Wednesday, August 31, 2011

“Jeopardy! : I’ll Take Faith for $300 Alex.”

I am so excited to introduce you to one of my best friends...
my little sister Justine.
She will make ya think and make ya giggle!

Take the floor Justine...

“I tell you the truth, unless you change and become like little children, you will never enter the kingdom of heaven.” – Matthew 18:3

A little boy had gone to school for the very first time. Now this school had many children with a variety of ethnicities and religion. It was not long until this little boy made friends with classmates.

One day he came home from his school and his mother asked curiously, “So have you made any new friends so far?”

“Yes. I met a new friend named Joshua Yoder,” He stated proudly.

“Oh really? And is this a little Amish boy?” his mother pried.

The little boy furrowed his eyebrows and shrugged his shoulders. “I don’t know,” he innocently said.

My former preacher told this story one Sunday in church and I think it is a very powerful example of how God intends for us to live in our journey with Him. Because of the little boy’s child-likeness and innocence, he did not even notice the differences between him and his new friend. I believe God does not care about our appearance, but rather what is in our hearts.

We often put people in a box full of categories that helps us define them and not always positively. I believe this box is created in many ways throughout our lives and often gets in the way of what is really important: living like Jesus would. Loving people no matter what and having a simple faith with a direct relationship with God the Father.

Many things can hinder our “child-like” faith in our everyday lives. Some people are swayed by other people, but for me there was something that happened for four years of my life that put my faith in jeopardy and sadly sometimes still does.

Before I left for my new and exciting venture to Indiana University, my parents had bigger concerns for me other than gaining the “freshman fifteen.”

“Now Justine, you know how you were raised. You are going to see and hear a lot of things you are not used to. Just stick to your morals,” my Dad wisely advised.

I shrugged off this idea. I knew where I came from and I knew exactly who my savior was. I had been baptized when I was 16 and Christ was fully in my heart. Or so I thought.

It wasn’t until my senior year of college when I realized something horrible had happened.

Many of my classes taught us to question EVERYTHING. Nothing was true until it was PROVEN to be. We were to ALWAYS consider other possibilities. It was easier to prove an idea as FALSE than true. This was burned into my mind as I was often tested on these concepts.

One class I took even went to state that the Bible was very sexist. Thankfully one brave gentleman would courageously raise his hand to protest every time religion was dismissed as a valid idea. I’ll never forget how the professor would try to ignore his hand in the air and finally say a long drawn out, “yeess?” Her response at one point was:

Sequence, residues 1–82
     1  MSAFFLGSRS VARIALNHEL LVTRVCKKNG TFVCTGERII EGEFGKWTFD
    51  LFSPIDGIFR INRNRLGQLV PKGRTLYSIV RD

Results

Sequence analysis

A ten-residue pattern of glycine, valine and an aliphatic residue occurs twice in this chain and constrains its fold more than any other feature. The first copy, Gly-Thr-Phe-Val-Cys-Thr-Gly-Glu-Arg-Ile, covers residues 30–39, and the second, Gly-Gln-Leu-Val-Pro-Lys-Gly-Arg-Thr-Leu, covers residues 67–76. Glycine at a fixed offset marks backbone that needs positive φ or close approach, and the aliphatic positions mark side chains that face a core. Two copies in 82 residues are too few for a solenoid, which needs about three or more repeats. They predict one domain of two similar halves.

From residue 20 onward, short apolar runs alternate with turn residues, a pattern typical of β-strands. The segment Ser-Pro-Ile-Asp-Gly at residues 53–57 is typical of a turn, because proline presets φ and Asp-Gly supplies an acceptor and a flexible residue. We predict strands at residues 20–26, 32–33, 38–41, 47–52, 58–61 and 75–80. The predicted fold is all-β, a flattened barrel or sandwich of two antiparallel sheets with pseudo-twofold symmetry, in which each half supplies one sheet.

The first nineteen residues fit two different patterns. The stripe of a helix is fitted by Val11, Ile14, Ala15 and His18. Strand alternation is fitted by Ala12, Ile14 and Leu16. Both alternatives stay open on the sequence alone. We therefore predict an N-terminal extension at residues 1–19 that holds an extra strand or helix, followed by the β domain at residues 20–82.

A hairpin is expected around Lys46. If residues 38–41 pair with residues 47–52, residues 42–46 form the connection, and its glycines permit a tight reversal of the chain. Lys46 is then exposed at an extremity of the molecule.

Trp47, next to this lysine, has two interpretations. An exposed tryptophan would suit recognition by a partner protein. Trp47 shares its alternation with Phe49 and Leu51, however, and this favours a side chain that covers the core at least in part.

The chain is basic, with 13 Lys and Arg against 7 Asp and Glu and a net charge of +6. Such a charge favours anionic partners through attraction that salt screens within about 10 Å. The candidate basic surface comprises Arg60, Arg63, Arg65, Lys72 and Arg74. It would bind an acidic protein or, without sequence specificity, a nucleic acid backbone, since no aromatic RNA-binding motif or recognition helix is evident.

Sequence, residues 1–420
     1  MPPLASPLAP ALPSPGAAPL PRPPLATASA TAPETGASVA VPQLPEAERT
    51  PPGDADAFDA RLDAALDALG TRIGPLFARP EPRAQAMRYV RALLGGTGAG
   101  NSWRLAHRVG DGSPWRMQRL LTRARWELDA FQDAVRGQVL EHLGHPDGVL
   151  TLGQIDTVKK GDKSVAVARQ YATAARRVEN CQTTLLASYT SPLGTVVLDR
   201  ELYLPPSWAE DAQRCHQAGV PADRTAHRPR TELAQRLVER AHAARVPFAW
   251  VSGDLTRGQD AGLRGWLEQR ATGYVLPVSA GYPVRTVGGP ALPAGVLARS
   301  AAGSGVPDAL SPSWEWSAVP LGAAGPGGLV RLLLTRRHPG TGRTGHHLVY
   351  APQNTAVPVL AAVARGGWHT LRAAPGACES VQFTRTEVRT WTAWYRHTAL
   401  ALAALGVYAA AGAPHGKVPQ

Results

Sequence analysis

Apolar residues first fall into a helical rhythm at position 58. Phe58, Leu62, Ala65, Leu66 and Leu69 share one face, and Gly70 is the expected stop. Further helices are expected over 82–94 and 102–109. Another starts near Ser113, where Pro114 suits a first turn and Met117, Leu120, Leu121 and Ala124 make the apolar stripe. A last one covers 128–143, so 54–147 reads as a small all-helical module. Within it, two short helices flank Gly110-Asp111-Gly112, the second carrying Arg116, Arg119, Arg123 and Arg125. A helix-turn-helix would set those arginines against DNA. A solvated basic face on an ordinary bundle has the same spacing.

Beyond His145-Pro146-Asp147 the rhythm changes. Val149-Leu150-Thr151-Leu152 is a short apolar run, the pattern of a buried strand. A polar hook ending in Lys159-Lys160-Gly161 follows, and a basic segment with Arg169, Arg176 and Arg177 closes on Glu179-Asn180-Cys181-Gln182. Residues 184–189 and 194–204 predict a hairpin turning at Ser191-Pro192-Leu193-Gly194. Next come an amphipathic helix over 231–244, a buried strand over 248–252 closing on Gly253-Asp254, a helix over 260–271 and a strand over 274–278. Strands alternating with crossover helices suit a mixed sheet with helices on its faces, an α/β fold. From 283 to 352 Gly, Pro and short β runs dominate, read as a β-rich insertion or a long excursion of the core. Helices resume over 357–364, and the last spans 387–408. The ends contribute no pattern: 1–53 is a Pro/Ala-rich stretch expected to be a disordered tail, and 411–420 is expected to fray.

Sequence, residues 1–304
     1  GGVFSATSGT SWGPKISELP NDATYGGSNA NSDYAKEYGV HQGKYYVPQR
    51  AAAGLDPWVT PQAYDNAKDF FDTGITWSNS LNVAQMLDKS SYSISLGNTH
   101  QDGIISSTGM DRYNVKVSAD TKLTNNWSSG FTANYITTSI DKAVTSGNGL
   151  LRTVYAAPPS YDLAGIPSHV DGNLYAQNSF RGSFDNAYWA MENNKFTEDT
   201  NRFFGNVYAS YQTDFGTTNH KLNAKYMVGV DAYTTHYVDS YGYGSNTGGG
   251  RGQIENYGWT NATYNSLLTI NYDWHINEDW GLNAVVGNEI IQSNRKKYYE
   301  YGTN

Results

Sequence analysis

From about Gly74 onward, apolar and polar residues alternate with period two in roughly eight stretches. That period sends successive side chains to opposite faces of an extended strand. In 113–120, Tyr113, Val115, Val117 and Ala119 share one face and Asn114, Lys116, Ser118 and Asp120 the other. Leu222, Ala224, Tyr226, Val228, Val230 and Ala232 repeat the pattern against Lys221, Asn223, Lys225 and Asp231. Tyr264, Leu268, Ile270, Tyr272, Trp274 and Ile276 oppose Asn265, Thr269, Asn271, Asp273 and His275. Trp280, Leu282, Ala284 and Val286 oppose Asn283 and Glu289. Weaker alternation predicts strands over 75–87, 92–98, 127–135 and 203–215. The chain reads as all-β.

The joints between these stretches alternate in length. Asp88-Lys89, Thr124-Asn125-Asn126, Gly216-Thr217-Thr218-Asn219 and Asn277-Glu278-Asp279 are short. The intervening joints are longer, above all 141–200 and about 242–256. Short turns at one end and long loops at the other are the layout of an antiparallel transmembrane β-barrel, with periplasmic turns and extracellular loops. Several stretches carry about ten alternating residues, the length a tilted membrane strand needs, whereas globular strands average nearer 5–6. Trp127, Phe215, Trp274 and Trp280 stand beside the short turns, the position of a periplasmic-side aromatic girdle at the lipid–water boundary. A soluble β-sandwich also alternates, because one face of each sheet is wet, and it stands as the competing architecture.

“The Bible you are referring to John,” she said as she raised her eyebrows and her head did a little shimmy, “is not a fact. It is simply someone’s opinion.”

What if I would have gone to a Christian college instead? If only my faith could have been stronger through out my schooling. What if I would have protested these ideas in the classroom?

The what’s and if’s ran through my head as I would catch myself trying to critically think about the Bible. In my heart I knew I still believed in the Bible and Jesus Christ as my savior, but the mentality of needing FACTS always sprang forward as my faith got pushed to the back of my mind for a later time.

I believe in education to it’s fullest, but the way school has taught me to critically think has become my cross to bear. My child-like faith was on the endangered species list for awhile and the poacher’s were waiting like vultures for me to give up the little piece I held on to.

Thankfully moving home, attending church regularly, and meeting my significant other has slowly but surely nursed my faith back, almost to what I desire. I know this situation may not happen to all Christians who attend a public university, but I do say beware and do not let “educational” theories and ideas devour your child-like faith.

I still struggle with this questioning and pray about it quite often. I do believe in the power of prayer so your words of encouragement and prayers would be greatly appreciated.

So from now on it is my goal in the Jeopardy puzzle of my life to say, “You can keep your $300. I’ll take faith, for eternity, Alex!” No doubt about it.


Danielle said...

Wow, Justine! This is really making me THINK. Thank you for sharing. I've often wondered about what it means to have "child-like" faith. I know I wish I had it more!

Justine said...

I loved sharing! I like to listen to little Claire pray and the way she acts towards others. I think we can all learn from little ones once in awhile. :)